The stream had now become a pool.
The overseer broke the silence, sounding genuinely emotional: “I can’t believe it. He was a good worker.”
“A good man,” I said.
Our attentions turned to the sack of bauxite, blood now congealing round it.
“Well, at least the bauxite was saved,” the overseer mumbled. It was a throw-away comment — he did not mean disrespect — but for me it was too much. I launched myself at him. I was not angry with him but at the system which had created him.
He did not know quite how to react. He screamed for help and, just as I drew blood from his upper lip, a couple of overseers who’d been patrolling outside rushed to his aid. I was hauled off of him and beaten to a state which far exceeded the damage I had inflicted.
Once they stopped, I looked up. The overseer whom I had assaulted did not even have a trace of vengeance upon his face. Only shock. Somebody had given him a bowl of water to wash his wounds. I could see the water stinging him. I actually felt sorry for him — he was one of the more favorable overseers. I’d learned the other day that he had come to Ald Hux Colony I in order to spread his Christian message. He was a good man but one who was confined by the conventions society had imposed on him.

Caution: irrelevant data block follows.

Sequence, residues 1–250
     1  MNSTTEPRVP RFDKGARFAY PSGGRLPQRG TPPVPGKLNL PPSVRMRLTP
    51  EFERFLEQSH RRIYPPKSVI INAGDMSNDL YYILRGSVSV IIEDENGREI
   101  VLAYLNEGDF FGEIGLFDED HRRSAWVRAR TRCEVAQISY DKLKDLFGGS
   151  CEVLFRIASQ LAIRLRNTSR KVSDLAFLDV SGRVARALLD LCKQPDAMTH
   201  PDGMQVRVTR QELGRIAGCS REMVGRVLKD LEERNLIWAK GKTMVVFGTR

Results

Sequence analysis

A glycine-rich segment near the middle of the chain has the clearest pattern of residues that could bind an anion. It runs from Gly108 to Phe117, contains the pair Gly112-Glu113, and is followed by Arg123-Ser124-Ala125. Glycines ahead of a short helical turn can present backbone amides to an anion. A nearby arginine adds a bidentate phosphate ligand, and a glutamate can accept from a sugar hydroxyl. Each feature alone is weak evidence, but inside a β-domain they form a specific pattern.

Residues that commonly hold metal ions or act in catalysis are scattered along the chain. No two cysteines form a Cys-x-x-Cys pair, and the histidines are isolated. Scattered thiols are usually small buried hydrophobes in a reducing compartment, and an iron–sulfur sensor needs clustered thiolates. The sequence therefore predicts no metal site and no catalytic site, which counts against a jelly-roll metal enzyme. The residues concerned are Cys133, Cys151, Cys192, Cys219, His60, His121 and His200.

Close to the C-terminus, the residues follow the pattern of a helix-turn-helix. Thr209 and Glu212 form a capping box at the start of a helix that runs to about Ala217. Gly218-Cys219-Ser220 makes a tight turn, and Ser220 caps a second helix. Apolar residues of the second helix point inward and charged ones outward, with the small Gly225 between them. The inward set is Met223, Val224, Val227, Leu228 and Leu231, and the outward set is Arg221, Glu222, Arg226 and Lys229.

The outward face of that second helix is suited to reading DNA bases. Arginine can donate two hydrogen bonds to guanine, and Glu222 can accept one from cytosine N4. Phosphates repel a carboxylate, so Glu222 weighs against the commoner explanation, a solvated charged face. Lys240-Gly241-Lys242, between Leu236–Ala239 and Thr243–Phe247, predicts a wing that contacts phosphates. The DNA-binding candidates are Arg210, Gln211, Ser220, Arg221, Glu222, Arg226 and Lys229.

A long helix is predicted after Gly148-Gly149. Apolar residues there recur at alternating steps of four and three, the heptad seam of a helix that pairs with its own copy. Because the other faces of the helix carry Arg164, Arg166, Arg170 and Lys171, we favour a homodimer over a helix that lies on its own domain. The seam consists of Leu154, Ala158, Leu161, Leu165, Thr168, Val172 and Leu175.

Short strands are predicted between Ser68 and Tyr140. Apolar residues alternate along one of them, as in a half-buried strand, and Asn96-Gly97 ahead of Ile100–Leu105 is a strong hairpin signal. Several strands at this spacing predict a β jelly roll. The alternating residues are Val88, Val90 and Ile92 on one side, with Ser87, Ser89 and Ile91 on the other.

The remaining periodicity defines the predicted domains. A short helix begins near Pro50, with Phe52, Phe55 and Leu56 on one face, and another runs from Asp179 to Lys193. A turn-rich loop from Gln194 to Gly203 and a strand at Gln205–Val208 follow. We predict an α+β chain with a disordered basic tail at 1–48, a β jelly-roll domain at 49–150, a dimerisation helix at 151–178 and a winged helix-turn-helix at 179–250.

After all, he still called me Ponty.
There was no malice in the man’s face, but I could see that he was going to do nothing to prevent my imminent departure.
One of the other overseers was calling Base, requesting backup.
I stared into the overseer’s face imploringly. But he was going to do nothing. He was the true Pontius Pilate — he was the one washing his hands.
They came for me.
My head was covered with a hood, and I was marched away. There was no dissent; no protest.
We marched over the rugged terrain. Sometimes I could swear, though, that it was a boot I tripped over instead of a jutting rock.
After a time, we stopped.
I could sense that we were now inside.
A single word:
Some more marching.
Then a jab.
Darker and darker.
Things were getting darker.
Desperately, I clung onto a thought. Something Minh had told me:
“Imperialism is a paper tiger.”
I clung and clung and clung. But then it slipped away, claws having ripped up the parchment.
Alasdair is from the wilderness of Elgin, Scotland. Currently, he is studying Chemistry in Edinburgh, and is also an active member of the Labour Party. It’s therefore not surprising that much of what he writes revolves around science and politics! The Second British Empire is his first published work, although he has written a novel which he is currently trying to get published.